Two years after a massive oil spill at the former Potomac Electric Power Co. plant in Aquasco, the company has settled a lawsuit for more than $2 million.

The settlement will cover damages claimed by watermen, property owners and others affected by the April 7, 2000, oil spill near the company's former Chalk Point Generating Station in the southeast corner of Prince George's County.

"It's our hope that the money will be distributed probably by June," said Gary E. Mason, the Washington lawyer who filed the class-action suit. "This was a very fair and reasonable settlement."

The lawsuit was settled tentatively last December; final approval was granted April 15 in U.S. District Court in Greenbelt. Support Terminal Services Inc., the operator of the pipeline, was also a defendant in the lawsuit.

"We're pleased to have this behind us now," said Robert Dobkin, a Pepco spokesman.

Individuals eligible to participate in the settlement must have filed a claim by last month, Mason said. They would include owners of Patuxent River waterfront property contaminated by oil from the spill and owners of properties with access rights to communal beaches or other waterfront property, according to a statement issued by Mason's law firm.

Mason said more than 100 fishermen filed claims, as well as the owners of about 200 interior properties and more than 200 waterfront properties.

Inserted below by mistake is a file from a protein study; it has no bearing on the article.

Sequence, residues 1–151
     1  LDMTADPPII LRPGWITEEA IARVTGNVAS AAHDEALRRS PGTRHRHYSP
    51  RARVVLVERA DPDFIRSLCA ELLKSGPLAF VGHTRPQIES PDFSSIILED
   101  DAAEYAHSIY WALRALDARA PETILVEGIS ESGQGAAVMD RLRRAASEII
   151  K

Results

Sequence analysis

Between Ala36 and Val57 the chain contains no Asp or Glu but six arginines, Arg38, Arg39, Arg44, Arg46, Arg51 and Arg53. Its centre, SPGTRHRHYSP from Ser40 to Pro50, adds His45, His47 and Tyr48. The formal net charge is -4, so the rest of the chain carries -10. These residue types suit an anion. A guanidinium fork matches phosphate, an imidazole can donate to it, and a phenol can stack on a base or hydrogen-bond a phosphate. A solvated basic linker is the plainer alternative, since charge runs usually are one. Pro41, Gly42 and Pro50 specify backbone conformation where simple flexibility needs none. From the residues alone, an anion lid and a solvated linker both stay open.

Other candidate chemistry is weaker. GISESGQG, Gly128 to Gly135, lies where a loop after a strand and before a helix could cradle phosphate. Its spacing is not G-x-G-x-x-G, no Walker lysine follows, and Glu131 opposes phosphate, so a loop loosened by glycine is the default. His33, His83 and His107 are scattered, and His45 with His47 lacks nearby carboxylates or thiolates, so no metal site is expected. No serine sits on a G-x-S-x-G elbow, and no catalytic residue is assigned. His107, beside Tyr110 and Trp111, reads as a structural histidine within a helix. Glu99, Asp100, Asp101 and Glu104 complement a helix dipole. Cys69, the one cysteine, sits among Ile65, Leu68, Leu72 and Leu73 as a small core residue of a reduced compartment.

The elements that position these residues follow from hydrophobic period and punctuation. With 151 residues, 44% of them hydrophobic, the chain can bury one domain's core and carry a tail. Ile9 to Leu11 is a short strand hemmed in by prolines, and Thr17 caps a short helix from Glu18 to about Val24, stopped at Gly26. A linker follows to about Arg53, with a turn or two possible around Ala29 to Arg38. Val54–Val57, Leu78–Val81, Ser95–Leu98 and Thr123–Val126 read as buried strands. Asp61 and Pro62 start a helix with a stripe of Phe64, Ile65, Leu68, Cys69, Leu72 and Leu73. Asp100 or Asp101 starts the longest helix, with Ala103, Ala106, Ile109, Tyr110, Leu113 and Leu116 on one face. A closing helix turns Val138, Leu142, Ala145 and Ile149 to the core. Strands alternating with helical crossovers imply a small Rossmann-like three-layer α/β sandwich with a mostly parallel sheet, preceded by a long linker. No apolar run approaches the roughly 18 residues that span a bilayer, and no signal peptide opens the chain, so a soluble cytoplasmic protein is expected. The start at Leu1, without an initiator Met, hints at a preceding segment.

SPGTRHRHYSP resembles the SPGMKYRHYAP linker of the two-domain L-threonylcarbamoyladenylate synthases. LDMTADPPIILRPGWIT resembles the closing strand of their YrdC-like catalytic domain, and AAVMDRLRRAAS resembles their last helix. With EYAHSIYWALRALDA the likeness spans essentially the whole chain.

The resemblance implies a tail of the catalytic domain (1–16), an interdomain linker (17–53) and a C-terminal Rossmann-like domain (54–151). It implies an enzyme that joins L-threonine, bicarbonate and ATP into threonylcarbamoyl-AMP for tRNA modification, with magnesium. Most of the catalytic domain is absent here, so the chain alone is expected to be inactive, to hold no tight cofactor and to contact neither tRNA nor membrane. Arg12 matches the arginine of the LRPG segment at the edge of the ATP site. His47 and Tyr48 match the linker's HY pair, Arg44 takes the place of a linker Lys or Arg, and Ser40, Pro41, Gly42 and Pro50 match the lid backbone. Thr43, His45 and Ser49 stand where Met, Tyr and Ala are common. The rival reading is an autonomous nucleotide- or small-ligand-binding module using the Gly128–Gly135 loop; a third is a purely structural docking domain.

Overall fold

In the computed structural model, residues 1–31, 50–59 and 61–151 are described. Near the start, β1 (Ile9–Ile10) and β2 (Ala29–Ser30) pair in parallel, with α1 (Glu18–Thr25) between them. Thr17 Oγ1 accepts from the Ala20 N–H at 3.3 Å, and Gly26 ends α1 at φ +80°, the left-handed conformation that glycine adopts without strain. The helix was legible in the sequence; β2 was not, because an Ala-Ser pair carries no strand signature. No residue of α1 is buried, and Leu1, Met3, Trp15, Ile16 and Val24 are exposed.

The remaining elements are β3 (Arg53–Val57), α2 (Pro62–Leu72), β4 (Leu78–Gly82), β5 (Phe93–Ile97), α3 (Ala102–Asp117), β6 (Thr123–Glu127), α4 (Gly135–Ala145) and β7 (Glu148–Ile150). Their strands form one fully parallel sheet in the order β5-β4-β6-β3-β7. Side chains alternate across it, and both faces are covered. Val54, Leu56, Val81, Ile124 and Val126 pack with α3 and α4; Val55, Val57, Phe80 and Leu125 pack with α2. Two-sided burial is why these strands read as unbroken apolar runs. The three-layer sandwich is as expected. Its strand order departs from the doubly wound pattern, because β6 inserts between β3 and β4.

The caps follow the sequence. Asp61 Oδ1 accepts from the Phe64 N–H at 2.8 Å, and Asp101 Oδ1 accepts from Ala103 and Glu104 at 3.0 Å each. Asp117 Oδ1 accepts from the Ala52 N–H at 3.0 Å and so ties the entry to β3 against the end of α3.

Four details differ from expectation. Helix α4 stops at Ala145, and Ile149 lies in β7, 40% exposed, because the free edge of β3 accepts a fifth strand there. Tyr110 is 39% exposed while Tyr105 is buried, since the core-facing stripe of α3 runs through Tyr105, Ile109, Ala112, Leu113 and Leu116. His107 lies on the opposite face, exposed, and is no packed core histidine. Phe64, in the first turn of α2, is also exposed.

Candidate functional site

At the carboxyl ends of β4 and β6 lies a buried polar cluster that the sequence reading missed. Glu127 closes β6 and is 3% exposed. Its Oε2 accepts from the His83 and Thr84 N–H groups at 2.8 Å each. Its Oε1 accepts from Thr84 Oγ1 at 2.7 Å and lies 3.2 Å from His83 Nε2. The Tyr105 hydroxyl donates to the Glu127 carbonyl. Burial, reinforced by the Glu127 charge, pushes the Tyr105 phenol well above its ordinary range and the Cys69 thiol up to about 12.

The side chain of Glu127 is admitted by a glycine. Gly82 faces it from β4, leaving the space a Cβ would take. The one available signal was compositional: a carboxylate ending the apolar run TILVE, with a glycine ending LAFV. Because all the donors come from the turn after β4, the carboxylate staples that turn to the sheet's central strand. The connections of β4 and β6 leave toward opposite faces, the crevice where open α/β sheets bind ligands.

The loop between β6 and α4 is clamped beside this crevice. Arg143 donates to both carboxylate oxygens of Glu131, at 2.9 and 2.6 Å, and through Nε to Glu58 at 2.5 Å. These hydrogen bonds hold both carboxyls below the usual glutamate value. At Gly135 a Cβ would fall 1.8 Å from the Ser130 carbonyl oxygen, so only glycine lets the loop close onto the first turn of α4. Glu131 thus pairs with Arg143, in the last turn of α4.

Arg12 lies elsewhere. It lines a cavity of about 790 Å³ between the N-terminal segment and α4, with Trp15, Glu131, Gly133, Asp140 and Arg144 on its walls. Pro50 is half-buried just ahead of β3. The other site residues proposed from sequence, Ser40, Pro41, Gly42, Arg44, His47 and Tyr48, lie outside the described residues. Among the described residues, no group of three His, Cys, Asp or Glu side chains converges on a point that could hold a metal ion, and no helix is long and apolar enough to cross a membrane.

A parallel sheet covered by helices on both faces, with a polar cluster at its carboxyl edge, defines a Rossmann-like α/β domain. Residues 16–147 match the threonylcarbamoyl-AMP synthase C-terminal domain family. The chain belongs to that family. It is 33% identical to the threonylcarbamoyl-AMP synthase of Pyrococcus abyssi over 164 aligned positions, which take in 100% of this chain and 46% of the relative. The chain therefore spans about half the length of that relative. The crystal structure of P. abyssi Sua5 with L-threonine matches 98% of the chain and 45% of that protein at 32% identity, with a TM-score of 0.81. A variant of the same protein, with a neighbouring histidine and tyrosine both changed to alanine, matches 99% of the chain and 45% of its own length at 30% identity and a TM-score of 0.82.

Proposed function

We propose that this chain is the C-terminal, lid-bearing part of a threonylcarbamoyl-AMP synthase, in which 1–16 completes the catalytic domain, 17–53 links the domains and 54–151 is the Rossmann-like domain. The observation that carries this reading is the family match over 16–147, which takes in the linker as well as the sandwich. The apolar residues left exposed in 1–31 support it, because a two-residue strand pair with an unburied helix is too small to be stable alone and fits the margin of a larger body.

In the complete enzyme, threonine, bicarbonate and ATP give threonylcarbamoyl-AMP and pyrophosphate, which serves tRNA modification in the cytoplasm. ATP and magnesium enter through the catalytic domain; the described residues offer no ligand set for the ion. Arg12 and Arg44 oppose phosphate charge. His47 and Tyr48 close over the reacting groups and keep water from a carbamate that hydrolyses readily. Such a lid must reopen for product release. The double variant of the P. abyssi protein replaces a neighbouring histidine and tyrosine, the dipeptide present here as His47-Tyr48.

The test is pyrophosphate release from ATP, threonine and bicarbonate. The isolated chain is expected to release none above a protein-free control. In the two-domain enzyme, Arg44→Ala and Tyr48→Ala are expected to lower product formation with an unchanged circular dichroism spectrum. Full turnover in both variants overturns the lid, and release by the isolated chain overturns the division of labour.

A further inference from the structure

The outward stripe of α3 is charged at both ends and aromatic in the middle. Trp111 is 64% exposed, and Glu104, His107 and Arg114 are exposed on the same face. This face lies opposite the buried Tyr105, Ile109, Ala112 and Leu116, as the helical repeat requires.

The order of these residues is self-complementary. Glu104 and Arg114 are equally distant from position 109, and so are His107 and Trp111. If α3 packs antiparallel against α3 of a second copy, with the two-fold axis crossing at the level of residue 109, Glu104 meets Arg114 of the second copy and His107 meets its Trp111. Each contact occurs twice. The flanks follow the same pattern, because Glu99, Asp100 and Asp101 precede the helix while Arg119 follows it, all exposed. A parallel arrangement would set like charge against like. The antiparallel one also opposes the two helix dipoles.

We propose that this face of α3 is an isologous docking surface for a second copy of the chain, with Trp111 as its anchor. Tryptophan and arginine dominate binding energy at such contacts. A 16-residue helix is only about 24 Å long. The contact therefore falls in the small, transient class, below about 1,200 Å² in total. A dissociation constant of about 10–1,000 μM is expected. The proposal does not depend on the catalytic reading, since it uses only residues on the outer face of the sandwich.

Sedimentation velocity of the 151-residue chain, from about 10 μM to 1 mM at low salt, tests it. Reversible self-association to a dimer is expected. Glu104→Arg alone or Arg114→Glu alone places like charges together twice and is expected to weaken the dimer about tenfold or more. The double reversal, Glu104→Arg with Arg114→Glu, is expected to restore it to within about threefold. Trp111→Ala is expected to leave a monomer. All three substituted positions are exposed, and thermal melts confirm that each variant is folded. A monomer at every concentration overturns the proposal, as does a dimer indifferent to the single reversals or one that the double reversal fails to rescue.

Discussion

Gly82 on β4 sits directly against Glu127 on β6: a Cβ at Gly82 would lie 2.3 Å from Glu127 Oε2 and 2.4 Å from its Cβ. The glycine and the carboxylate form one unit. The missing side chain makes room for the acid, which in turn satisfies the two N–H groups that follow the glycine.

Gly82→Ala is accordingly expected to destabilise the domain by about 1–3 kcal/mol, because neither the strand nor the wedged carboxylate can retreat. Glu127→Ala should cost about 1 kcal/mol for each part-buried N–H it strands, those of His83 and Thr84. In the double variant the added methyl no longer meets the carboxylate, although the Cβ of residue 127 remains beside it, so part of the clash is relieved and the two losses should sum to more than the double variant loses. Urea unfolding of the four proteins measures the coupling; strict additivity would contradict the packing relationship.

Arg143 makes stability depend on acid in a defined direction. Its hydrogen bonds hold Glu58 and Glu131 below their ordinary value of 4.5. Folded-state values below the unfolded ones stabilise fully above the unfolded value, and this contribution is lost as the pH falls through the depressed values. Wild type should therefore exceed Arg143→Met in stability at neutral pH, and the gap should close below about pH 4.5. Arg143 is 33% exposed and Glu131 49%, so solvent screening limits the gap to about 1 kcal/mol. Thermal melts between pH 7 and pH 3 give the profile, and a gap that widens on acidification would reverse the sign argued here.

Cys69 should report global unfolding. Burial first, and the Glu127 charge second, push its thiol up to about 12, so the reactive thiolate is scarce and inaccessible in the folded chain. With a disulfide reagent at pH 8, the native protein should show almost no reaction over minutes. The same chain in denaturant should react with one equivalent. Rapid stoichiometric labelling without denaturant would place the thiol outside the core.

"We got a very substantial response; something like more than 60 percent of the waterfront homeowners filed claims," Mason said.

Waterfront homeowners will be paid about $3,000, watermen will get about $2,000 and those with inland properties will yield more than $400 individually, Mason said.

"I think the amounts that people are getting are fair and consistent with what we thought it would be," he said.

Pepco sold the plant in 2000 but continues to participate in the cleanup effort. Officials are "very close" to releasing a comprehensive plan for restoring damaged habitat along the Patuxent River, said Stephanie Balian, a National Oceanic and Atmospheric Administration spokeswoman. The extent of restoration will depend on Pepco's willingness to pay for the proposed project.

The federal Oil Pollution Act of 1990 mandates that parties responsible for a spill return injured natural resources and service to pre-spill conditions and compensate the public for the loss of natural resources and services from the time they are injured to the time they are restored, officials said.

A group coordinating the cleanup released a report finding that the incident caused a "loss of $453,499 ... in recreational use" to the public in the spill area. That figure was based on a survey of area residents, observations of recreational activity after the spill and historical records. Other issues to be addressed in the restoration concern the effect of the spill on wildlife.

The U.S. Department of Transportation allowed the new plant owner, Mirant Mid-Atlantic LLC, to resume operating the pipeline that caused the spill after the pipeline was repaired.

A crack in the 51.5-mile pipeline resulted in more than 100,000 gallons of fuel oil leaking into Swanson Creek, the Patuxent River and surrounding waterways.

The spill spread oil across at least 17 miles of shoreline, much of it in Calvert County. Waterfront property in Prince George's, Charles and St. Mary's counties also was damaged.